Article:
When designing a cable system the aim is to stay within the current rating dictated by thermal behavior. Effectively, the cable is designed not to exceed the maximum temperature of the insulating layer in any operational mode. Most of the time, the design engineer will select the size of conductor that allows the required operating temperature while staying on the safe side within a wide range of standardized sizes.
Until recently, this approach was regarded as offering the lowest investment cost. However, the global cost of a power link also depends on the actual cost of the energy losses. A bigger conductor, although more expensive on initial purchase,
may generate lower losses than the thermally designed conductor. Therefore, it can become significantly more cost-effective after a few decades.
This approach is explored in Figure 4 that looks at the case for a cable system carrying 700 A. Data is plotted on the graph as a function of the conductor size (two colors are used for Al and Cu conductors) and the investment cost of the installed system. The investment cost is made up of the actual cost of the losses at the specified current rating and the total cost.
The investment costs increase with the conductor size, while the cost of losses decreases as there is less electrical resistance. The combination of both trends leads to U-shaped curves with an optimal conductor size.
In the example, 1600 Al is the most cost-effective conductor to transmit 700 A over a project life of 50 years. Yet, 630 Al would have been selected from a strict thermal design point of view.
This optimization is not only of an economic nature. The lower losses also play a favorable role in terms of environmental impact. The benefits can include less risk of thermal aging, reduced risk of thermal runaway due to uncontrolled soil drying, a larger safety margin to handle load peaks or unexpected hot spots, margins for overloads, etc. Furthermore, lower losses help in limiting global warming.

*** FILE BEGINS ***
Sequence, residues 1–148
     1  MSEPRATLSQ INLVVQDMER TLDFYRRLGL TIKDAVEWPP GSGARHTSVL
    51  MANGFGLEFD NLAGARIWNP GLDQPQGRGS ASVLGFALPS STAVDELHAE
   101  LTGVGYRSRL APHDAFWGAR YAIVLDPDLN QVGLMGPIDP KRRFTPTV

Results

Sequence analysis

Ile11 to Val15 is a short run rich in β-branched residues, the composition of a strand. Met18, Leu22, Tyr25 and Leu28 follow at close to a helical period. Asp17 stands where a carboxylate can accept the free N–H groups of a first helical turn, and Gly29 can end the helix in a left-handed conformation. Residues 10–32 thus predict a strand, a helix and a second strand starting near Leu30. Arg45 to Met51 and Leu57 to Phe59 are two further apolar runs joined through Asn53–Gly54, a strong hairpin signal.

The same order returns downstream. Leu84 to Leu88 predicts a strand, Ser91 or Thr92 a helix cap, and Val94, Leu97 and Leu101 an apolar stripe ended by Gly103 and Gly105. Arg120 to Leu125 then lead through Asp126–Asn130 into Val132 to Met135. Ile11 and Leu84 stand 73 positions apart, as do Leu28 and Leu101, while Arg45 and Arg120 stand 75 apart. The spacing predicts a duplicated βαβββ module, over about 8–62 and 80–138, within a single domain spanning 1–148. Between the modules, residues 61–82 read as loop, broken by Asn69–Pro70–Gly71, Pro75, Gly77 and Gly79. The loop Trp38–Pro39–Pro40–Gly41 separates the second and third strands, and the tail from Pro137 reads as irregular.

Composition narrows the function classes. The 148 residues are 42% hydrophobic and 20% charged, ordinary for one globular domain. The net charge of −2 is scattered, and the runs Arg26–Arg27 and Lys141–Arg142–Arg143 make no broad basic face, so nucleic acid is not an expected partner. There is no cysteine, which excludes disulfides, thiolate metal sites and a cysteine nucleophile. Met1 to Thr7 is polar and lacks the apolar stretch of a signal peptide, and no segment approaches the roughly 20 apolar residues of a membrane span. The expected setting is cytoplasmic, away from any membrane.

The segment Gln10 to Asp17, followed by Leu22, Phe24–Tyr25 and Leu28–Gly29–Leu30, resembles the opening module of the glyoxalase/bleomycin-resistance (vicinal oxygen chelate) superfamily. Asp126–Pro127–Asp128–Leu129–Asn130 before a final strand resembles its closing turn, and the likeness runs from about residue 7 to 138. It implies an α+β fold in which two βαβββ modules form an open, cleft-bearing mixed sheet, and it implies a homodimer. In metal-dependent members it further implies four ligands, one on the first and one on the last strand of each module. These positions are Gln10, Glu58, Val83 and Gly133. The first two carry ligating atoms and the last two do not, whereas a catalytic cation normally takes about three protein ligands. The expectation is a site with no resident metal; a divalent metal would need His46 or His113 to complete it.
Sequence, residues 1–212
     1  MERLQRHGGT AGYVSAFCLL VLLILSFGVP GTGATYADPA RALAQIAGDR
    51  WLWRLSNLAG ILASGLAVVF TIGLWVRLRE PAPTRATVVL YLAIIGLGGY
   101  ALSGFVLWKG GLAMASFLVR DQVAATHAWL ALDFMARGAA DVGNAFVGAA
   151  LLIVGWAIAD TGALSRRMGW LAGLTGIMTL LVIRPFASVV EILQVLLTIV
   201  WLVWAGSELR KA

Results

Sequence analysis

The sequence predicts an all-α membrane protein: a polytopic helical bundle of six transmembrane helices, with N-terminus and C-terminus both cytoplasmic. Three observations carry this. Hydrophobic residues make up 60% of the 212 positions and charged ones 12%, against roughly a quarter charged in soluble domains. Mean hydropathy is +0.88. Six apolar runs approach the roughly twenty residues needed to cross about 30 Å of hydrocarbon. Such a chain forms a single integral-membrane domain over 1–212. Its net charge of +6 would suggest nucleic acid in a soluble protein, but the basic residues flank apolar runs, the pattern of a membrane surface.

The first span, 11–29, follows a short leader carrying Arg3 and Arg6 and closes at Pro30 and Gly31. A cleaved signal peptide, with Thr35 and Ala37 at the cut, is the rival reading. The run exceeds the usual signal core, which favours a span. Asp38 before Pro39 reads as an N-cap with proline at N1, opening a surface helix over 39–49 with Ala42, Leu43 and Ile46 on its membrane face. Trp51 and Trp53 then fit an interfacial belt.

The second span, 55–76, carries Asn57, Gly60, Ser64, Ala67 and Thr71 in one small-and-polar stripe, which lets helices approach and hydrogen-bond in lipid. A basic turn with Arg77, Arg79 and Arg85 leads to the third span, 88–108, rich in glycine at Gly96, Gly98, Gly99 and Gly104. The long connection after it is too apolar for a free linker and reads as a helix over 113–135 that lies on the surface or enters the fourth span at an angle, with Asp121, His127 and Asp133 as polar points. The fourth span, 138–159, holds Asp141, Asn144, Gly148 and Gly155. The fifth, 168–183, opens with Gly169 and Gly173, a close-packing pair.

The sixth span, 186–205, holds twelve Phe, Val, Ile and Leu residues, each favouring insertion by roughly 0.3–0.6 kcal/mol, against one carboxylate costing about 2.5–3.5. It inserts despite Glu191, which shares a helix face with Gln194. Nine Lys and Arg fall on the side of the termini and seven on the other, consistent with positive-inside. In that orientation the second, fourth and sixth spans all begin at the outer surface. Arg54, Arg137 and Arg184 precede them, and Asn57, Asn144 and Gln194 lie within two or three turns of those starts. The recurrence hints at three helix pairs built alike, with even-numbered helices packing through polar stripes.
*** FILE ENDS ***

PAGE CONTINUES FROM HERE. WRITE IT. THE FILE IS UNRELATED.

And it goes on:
The prospects for very large aluminum conductors
While maximum standardized cross-sections of conductors have moved from 1600 to 2500 mm² within recent years, some manufacturers are now offering new solutions with aluminum conductors of 3000 or 4000 mm², pushing the present limits of copper conductors. Studies have been carried out to assess the interest in these huge components in terms of performance, installation, economics and environmental impact. They show that, for a given current rating, a cable with a very large aluminum conductor generates less energy losses than a cable with a smaller copper conductor of one or two sections.
The lower investment cost of the resulting aluminum cables could bring significant savings, despite the increased cost of installation (excavation, cable laying, assembly of joints, etc.). Design engineers then have to balance the attractive global cost with a number of additional constraints. These include increased civil works, more rigid conductors and lower strength to resist pulling during installation, increased size of drums or lower delivery length on site, which means shorter sections and more joints. A larger conductor diameter also involves accessories of bigger size.
Perhaps the most significant barrier is that there is currently no experience in terms of the qualification of such huge cable systems. Utilities and manufacturers will need to collaborate to address this challenge. However, at the conductor sizes used today there is substantial practical experience showing clearly that aluminum represents an important alternative to copper.